Working with a team on a consulting project is a powerful way to expand your scope and attract larger projects but it takes finesse to get the most out of the team’s potential. It’s not just about standard work processes like sound contracts and strong evaluation designs. There is something about the chemistry of working with other independent consultants that needs to be attended to. A positive team experience I had recently has made me reflect on its characteristics:
1. A multi-disciplinary team. Everyone on this team of seven had a different skill set. Several of us had not met before. We needed to be confident of each other’s strengths to know who could do each task the best.
2. Regular contact. At project start-up, we had two in-person meetings and a dinner to celebrate our new contract. It was important to have a physical reference as we worked in different cities. We then scheduled weekly conference calls for the next year and a half (i.e., the life of the project). These could be cancelled as needed but the routine was better than trying to pull a meeting together when an issue arose. Knowing the Wednesday morning call was coming up helped us problem solve as needed.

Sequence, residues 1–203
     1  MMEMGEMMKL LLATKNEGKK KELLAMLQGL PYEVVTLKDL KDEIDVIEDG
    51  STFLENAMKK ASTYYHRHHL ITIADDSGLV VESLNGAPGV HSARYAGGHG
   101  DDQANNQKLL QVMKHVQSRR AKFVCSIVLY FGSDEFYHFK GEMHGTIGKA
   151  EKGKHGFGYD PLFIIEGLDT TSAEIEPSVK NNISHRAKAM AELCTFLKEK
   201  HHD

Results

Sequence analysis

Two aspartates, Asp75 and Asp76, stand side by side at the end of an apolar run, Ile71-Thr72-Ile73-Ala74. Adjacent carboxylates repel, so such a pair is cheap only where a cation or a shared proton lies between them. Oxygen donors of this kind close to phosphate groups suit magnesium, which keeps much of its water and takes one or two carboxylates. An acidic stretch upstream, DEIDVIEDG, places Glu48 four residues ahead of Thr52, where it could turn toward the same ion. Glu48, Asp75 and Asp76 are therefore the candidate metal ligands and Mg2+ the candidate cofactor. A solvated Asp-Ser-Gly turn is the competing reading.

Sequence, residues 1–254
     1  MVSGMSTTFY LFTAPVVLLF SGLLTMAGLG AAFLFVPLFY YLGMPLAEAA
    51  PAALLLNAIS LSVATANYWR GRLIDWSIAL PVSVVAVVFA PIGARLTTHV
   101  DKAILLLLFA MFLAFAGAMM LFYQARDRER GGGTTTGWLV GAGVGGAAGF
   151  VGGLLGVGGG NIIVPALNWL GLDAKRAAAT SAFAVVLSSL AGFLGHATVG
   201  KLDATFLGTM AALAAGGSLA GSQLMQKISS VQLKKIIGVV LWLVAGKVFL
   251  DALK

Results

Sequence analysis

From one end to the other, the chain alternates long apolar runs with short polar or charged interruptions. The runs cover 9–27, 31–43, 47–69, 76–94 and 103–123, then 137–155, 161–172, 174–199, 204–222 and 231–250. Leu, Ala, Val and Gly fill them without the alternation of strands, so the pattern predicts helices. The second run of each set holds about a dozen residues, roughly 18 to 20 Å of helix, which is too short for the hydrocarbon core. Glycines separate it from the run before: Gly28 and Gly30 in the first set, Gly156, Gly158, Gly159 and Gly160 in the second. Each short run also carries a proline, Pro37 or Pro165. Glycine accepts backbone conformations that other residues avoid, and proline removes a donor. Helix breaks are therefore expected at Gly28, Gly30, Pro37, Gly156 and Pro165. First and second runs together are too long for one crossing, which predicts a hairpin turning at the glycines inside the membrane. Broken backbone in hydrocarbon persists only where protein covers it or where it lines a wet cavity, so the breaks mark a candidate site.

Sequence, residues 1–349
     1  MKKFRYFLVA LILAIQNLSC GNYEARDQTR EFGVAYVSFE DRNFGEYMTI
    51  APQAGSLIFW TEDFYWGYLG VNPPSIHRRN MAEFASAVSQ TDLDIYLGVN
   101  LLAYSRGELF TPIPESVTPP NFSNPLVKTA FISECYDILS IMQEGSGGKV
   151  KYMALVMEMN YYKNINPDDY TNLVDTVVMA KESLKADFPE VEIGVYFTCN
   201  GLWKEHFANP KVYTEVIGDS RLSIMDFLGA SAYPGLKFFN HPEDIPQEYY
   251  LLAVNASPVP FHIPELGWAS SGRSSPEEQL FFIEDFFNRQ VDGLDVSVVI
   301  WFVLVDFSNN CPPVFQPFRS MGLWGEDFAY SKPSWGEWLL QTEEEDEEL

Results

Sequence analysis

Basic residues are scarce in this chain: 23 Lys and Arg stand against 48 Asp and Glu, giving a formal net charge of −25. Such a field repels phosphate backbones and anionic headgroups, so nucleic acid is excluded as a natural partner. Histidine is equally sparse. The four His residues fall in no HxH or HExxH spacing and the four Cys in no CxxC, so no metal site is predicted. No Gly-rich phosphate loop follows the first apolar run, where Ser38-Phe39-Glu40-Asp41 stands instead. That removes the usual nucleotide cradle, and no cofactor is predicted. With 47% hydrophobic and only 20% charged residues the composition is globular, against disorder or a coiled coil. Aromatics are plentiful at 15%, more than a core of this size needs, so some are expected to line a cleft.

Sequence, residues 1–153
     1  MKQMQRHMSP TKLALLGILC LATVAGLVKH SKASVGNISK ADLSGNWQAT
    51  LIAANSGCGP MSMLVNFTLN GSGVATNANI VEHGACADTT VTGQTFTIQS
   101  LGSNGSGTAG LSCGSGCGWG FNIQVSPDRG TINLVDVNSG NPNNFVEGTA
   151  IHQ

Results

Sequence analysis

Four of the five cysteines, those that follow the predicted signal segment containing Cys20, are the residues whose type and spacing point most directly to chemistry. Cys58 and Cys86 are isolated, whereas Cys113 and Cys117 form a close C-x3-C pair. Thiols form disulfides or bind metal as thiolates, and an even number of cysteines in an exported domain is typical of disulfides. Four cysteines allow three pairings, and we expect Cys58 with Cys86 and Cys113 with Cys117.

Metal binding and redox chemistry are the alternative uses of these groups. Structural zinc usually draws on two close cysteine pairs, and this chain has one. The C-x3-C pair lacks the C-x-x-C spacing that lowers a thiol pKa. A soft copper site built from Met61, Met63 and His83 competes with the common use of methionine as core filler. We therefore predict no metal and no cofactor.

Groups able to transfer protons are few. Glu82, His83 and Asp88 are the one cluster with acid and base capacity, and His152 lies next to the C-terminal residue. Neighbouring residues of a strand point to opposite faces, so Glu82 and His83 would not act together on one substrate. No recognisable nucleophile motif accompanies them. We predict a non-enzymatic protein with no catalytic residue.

3. An appreciative philosophy. Our project had an Appreciative Inquiry focus but it was interesting to see how the study philosophy trickled down to team functioning. You could see team members’ confidence growing as they realized that their contribution was valued.
4. Regular reporting. A monthly status report allowed us to track our progress in terms of data collection. We were able to trouble shoot access and response issues quickly and while this monthly two-pager seemed a chore at first, it turned into resource for annual reports and conference presentations.
5. Our own workshops. Towards the end of the project we facilitated our own workshops to interpret findings and craft recommendations. The final report and associated toolkit were stronger by far than anything we could have produced separately.
The project has been over for six months now but the chemistry continues. We have a dinner scheduled for next month—to talk about another project!
Gail Vallance Barrington
Originally published in the Independent Consulting TIG Newsletter, Volume 7, Issue 1. March 2016.
Barrington, G. V. (2012). Consulting Start-up & Management: A Guide for Evaluators & Applied Researchers. Los Angeles: SAGE.